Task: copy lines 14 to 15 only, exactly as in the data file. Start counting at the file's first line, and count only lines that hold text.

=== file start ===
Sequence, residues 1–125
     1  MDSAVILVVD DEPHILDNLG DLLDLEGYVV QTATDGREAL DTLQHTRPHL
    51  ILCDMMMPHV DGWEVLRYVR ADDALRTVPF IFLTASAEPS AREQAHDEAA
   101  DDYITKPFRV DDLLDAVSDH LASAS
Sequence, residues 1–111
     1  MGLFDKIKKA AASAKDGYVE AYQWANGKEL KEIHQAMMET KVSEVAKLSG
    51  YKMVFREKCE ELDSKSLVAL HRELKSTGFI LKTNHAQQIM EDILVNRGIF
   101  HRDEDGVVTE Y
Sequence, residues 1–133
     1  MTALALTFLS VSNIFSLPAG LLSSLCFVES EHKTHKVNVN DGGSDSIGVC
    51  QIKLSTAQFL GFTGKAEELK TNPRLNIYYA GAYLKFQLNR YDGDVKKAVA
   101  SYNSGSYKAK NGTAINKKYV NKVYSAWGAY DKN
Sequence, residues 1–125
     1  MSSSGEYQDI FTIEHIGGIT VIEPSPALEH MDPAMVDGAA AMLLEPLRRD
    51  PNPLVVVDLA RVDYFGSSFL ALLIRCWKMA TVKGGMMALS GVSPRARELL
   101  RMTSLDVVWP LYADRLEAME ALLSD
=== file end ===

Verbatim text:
     1  MSSSGEYQDI FTIEHIGGIT VIEPSPALEH MDPAMVDGAA AMLLEPLRRD
    51  PNPLVVVDLA RVDYFGSSFL ALLIRCWKMA TVKGGMMALS GVSPRARELL